China bans educational apps for preschoolers to reduce smartphone addiction


In a regressive move, education authorities in Beijing banned new education apps for preschoolers and nodded in removing existing ones as they continue a crackdown on tutoring in the country.

Mobile apps that target preschoolers have been specifically banned in line with the latest decree issued by Chinese authorities to reduce children’s screen time and smartphone addiction which is becoming a social problem in China, media reported. local.

Additionally, tutoring apps targeting all ages must not provide “negative or unwanted information,” “or contain game links or advertisements,” according to a regulation co-enacted by city governments on Monday. education, cyberspace and communications. The draft rule was published in February.

In July last year, Chinese authorities announced an outright ban on for-profit tutoring services for core school subjects in a bid to improve the quality of education and increase the rate of the country’s declining birth rate. Chinese authorities have banned tutoring, dealing a massive blow to the tutoring industry worth $120 billion (about Rs. 9,28,630 crore). On July 24, Chinese regulators released reforms that will fundamentally change the business model for private companies teaching the school curriculum. Beijing hopes to overhaul the sector which it says has been taken over by capitalism.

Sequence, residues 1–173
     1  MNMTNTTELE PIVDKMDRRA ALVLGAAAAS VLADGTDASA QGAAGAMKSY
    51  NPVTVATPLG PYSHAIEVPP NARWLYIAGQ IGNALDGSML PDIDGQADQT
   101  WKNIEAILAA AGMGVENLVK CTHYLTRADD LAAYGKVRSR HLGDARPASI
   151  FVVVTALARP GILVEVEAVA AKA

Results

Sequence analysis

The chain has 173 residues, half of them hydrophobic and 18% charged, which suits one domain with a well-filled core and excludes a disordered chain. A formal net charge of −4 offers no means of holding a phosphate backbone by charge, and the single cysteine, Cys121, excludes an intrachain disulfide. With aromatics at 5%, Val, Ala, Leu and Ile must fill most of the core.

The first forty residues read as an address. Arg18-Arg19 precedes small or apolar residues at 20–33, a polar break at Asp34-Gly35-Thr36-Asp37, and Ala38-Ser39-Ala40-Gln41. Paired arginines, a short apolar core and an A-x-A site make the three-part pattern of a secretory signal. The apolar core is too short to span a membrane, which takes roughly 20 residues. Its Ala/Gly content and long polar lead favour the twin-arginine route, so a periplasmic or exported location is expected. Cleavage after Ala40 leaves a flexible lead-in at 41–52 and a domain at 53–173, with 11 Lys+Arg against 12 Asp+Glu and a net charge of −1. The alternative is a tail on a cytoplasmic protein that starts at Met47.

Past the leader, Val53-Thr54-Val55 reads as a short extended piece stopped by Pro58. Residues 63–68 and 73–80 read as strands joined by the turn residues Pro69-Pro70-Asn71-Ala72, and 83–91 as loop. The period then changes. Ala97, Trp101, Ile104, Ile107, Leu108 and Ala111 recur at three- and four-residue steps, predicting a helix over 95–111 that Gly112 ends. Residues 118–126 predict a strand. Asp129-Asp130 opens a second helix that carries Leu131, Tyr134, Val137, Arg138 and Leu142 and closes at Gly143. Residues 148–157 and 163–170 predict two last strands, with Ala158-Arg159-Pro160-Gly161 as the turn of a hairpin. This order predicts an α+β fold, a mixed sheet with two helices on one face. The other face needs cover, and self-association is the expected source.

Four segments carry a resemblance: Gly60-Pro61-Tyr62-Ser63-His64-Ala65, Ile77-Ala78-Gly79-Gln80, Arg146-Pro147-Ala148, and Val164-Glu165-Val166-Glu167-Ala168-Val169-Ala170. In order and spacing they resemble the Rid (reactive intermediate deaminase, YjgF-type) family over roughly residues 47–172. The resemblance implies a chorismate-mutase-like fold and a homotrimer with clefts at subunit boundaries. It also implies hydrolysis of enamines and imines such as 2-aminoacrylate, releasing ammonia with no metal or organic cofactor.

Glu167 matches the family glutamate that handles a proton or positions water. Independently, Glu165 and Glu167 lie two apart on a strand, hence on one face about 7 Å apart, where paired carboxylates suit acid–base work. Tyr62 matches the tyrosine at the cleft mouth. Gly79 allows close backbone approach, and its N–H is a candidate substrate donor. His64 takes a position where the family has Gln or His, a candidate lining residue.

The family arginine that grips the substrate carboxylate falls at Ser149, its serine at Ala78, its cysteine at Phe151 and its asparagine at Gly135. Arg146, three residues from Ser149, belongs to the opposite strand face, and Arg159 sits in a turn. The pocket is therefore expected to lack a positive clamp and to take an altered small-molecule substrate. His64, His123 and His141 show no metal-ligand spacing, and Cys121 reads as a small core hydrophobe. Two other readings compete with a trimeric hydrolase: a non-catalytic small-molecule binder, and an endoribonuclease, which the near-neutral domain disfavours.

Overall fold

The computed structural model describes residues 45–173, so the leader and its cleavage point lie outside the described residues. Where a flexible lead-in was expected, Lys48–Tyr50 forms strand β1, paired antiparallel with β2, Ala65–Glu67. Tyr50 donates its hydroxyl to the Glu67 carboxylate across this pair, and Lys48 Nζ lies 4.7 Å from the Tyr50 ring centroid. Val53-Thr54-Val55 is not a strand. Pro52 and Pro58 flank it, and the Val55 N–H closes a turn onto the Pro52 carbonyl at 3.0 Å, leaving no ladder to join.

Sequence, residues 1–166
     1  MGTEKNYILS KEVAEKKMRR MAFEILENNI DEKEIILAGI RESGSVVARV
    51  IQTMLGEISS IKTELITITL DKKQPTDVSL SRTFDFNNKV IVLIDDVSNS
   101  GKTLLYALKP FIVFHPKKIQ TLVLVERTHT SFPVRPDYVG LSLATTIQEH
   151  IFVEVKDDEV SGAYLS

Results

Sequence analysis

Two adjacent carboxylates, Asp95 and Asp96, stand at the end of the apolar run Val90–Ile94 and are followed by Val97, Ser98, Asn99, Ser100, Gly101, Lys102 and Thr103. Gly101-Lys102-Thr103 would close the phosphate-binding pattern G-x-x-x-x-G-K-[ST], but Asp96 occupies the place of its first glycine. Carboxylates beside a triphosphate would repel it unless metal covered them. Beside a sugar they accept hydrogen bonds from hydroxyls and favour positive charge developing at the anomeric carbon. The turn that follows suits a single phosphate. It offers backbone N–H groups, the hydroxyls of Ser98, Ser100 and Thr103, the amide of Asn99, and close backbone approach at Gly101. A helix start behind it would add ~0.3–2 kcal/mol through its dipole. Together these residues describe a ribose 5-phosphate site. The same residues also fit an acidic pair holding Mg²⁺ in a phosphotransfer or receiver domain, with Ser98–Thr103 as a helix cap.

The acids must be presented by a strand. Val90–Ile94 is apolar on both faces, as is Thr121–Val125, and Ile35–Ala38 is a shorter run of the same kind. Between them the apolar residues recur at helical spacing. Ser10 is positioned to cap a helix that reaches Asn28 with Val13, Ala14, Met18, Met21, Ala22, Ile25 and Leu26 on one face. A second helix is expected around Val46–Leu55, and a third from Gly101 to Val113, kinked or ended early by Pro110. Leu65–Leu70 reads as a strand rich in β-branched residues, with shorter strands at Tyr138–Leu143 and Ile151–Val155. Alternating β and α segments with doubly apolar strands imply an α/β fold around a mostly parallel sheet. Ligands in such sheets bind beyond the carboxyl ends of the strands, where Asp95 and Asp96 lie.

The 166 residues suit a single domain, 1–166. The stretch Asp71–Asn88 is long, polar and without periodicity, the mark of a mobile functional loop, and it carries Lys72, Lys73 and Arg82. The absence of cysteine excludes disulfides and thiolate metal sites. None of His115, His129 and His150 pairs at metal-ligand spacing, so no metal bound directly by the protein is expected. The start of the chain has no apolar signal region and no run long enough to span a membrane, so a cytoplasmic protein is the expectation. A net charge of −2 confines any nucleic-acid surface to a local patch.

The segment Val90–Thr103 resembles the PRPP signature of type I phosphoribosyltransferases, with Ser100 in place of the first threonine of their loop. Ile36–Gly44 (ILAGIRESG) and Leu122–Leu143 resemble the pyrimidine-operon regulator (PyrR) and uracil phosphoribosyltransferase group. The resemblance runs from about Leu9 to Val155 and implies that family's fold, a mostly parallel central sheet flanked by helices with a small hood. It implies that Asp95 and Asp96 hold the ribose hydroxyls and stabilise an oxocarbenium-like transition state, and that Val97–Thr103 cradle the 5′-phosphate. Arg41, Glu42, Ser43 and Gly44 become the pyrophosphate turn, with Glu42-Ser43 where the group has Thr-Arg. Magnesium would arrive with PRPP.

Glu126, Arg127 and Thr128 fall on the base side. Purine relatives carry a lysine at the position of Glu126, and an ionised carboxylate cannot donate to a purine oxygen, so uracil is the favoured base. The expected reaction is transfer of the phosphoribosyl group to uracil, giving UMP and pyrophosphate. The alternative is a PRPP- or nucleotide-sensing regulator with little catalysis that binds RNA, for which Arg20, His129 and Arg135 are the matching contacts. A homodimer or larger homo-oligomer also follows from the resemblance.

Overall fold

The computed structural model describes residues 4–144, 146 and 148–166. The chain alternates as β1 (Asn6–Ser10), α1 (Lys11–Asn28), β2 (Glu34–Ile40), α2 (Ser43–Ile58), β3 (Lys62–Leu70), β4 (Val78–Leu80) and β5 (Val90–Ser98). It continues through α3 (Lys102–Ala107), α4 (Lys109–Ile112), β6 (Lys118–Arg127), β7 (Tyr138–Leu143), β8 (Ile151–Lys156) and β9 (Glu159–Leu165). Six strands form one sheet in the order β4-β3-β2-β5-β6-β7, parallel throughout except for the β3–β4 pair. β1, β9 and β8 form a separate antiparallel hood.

The move has caused New York-listed Chinese tutoring firm New Oriental Education & Technology Group to cut its workforce by 60,000 and its shares to fall 75% since late July, news outlet Asia Financial said.

It was one of the most dramatic decisions to take place in a year, with many regulatory crackdowns across a wide range of industries.

Tencent-backed VIPKid, which claims to have 80,000 teachers in North America, now advertises adult English learning services on its website.

Since the Chinese authorities banned tutoring, industries are dealing a heavy blow to the tutoring sector worth $120 billion (about Rs. 9,28,630 crore).

Private education companies have been barred from launching an initial public offering (IPO) or hiring foreign teachers based outside of China, Asia Financial reported.


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